Using the language of the day, he predicted that society would suffer a "nervous breakdown" of "the sort which is already common enough in England and the United States amongst the wives of the well-to-do classes, unfortunate women ... who cannot find it sufficiently amusing ... to cook and clean and mend yet are quite unable to find anything more amusing."
For all his prescience, Keynes would probably be shocked to learn that in the contemporary U.S., the well-off are now actually working more hours than their lower-income counterparts. He'd also be surprised to learn that the daily angst of top wage-earners is caused less by the boredom of leisure than by the omnipresence of work. Sure, the financial crisis has everybody running scared, but at this point, many of the layoffs are at the bottom half of the income scale. In the meantime, higher-end "knowledge workers" are struggling to not just keep jobs but balance their fragmented lives
Keynes and others believed that technological advances would not only create wealth but free a large portion of society from day-to-day deeds. What he couldn't have foreseen was technology's ability to bring work into even the most intimate corners of our private lives. Today, a lot of us are never quite clear from our professional duties.
Our cellphones -- with their text messages and e-mails -- can find us in bed or lounging by a pool. Worse yet, last week in my hotel room in Washington, there was an Ethernet jack in the bathroom in case anyone needed data transferred immediately. In other words, even as technology has made the creative class much better off in absolute terms, it has also brought heightened demands on their attention.
In his new book, "Elsewhere, USA," New York University sociologist Dalton Conley argues that new technology, along with changes in the economy and family structures, have given birth to a new breed he calls the "intravidual." Because the boundaries between home and office and work and leisure have largely disappeared, he says, multiple flows of information are constantly clamoring for attention. Intraviduals can scarcely afford to focus solely on work while they're on the job, or only on the family when they're at home. Their multiple selves, he argues, are being pulled from all sides, leaving them feeling overwhelmed and out of control.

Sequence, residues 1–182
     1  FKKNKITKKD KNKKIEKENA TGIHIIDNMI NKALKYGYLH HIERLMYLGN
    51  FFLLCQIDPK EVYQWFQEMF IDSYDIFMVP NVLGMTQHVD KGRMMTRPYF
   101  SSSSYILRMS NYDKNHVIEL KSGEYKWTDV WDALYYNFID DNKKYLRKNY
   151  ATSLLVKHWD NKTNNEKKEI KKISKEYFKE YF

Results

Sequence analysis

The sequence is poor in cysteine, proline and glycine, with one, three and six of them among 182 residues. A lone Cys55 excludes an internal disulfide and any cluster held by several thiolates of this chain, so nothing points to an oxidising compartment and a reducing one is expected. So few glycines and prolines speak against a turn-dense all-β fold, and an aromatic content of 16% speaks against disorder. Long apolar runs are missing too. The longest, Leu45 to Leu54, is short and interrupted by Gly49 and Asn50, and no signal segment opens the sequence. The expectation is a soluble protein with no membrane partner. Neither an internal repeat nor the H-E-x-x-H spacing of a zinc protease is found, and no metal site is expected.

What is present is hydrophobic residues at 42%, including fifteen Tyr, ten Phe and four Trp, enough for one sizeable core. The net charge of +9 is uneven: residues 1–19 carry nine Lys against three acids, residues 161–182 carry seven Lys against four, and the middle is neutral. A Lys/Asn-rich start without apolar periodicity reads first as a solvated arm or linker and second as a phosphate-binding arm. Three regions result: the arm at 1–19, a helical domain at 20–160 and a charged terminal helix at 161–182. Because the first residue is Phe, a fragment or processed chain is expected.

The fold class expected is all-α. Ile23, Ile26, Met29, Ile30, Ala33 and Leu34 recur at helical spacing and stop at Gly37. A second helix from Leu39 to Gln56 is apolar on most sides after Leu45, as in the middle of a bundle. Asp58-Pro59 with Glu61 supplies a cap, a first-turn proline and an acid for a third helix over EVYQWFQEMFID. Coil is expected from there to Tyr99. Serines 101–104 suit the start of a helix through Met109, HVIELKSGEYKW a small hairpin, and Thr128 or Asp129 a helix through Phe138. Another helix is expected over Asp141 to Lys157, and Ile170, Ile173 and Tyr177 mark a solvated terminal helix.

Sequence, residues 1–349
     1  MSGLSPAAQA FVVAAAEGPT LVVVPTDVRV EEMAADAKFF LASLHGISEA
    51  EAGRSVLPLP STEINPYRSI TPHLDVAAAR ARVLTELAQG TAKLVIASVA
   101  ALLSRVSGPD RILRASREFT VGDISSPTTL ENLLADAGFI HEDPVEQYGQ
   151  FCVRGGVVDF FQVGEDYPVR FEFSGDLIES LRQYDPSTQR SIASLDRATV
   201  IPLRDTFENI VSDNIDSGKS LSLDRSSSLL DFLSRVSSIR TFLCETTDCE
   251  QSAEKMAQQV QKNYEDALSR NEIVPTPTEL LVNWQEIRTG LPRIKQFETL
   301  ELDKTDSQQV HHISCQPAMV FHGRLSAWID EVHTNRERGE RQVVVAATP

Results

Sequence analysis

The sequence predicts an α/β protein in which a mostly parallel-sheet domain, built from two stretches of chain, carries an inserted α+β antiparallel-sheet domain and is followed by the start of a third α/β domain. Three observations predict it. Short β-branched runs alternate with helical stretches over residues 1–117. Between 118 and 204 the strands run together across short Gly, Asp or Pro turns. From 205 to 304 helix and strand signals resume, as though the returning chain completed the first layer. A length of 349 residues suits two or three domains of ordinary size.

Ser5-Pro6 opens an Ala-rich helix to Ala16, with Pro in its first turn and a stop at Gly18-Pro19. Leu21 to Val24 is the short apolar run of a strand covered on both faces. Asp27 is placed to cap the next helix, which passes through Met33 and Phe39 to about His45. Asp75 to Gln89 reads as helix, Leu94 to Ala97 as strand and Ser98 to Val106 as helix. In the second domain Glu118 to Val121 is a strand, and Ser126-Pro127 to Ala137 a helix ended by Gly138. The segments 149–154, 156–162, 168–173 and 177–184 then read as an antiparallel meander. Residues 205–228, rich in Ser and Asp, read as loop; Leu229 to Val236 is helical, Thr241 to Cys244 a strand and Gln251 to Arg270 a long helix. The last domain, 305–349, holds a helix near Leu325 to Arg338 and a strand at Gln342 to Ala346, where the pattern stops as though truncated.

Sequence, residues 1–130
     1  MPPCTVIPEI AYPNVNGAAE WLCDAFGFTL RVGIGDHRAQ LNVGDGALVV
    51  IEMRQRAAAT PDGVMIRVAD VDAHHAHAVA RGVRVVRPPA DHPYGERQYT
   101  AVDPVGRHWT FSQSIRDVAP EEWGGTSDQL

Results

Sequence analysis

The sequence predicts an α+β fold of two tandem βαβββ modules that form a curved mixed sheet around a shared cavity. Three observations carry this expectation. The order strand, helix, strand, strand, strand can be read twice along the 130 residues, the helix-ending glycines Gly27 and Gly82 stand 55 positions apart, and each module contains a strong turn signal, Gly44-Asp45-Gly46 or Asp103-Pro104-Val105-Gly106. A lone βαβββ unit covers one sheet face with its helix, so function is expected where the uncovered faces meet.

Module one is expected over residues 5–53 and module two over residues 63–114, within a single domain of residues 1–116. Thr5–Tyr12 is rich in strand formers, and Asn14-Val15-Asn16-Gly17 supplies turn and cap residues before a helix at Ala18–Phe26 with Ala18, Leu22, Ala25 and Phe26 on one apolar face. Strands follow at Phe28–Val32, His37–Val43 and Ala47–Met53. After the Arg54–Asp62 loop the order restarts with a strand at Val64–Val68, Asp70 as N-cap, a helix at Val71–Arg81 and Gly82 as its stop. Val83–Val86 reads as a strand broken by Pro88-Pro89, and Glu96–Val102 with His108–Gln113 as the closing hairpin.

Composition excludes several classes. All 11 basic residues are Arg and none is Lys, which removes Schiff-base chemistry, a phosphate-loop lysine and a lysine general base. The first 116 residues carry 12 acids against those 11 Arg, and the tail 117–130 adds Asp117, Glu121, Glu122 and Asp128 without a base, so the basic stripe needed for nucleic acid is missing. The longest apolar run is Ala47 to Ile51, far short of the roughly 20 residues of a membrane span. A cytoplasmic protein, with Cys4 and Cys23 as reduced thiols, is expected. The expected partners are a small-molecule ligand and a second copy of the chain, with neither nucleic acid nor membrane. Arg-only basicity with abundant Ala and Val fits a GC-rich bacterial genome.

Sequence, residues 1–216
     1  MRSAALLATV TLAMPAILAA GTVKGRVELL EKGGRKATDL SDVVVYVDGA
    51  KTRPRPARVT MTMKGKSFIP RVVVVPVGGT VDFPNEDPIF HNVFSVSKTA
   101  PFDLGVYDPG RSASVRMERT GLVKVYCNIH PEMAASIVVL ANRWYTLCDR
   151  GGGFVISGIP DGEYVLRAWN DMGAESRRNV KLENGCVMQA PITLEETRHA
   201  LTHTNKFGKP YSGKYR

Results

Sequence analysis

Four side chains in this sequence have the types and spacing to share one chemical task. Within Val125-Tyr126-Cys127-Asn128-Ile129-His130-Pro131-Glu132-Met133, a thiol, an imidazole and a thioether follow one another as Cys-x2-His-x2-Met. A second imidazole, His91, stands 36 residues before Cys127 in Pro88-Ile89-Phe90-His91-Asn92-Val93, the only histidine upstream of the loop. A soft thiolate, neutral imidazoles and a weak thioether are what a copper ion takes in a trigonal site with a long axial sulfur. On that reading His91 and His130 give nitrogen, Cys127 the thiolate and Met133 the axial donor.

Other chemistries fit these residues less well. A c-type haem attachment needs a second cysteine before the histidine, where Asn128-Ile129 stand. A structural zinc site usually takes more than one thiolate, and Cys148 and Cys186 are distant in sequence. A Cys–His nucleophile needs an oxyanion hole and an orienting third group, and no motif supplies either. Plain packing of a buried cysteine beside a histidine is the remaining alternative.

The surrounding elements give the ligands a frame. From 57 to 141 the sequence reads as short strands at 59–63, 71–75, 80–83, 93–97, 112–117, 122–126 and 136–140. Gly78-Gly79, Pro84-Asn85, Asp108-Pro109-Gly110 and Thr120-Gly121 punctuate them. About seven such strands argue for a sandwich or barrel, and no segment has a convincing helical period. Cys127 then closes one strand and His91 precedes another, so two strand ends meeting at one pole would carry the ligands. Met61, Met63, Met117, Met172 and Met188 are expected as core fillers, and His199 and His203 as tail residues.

If that weren't bad enough, the nature of the work they do also leaves many highly paid information workers feeling alienated. Not only are they working longer hours, but they're feeling less connected than ever to the fruits of their labor. How does one calculate the true worth of a lawyer writing a brief? Or a hedge-fund manager overseeing the selling of undervalued securities? As Conley puts it: "Value is elusive in our economy. Often, we are just guessing. So our own worth is therefore elusive too. Anxiety about that worth is thus a rational response, as is our suspicion that we may be frauds."
None of this is to say that there should be a lot of hand-wringing over the trials of upper-income Americans or that an attack should be mounted against the "leisure" time of the working class. But understanding the updated nature of the rat race only helps us better understand precisely what ails the rats.
Like Keynes, Conley has a prediction to make, but his is a little less rosy and a little more prescriptive. The successful individuals and companies of the future will be the ones who best "blend and bend," who accept intraviduality and resist the desire to build walls between the domains of their lives.
A generation ago, Americans talked a lot about having to find their true selves. More and more of us, once the financial crisis is over, will be trying to figure out how to keep our multiple selves in one piece.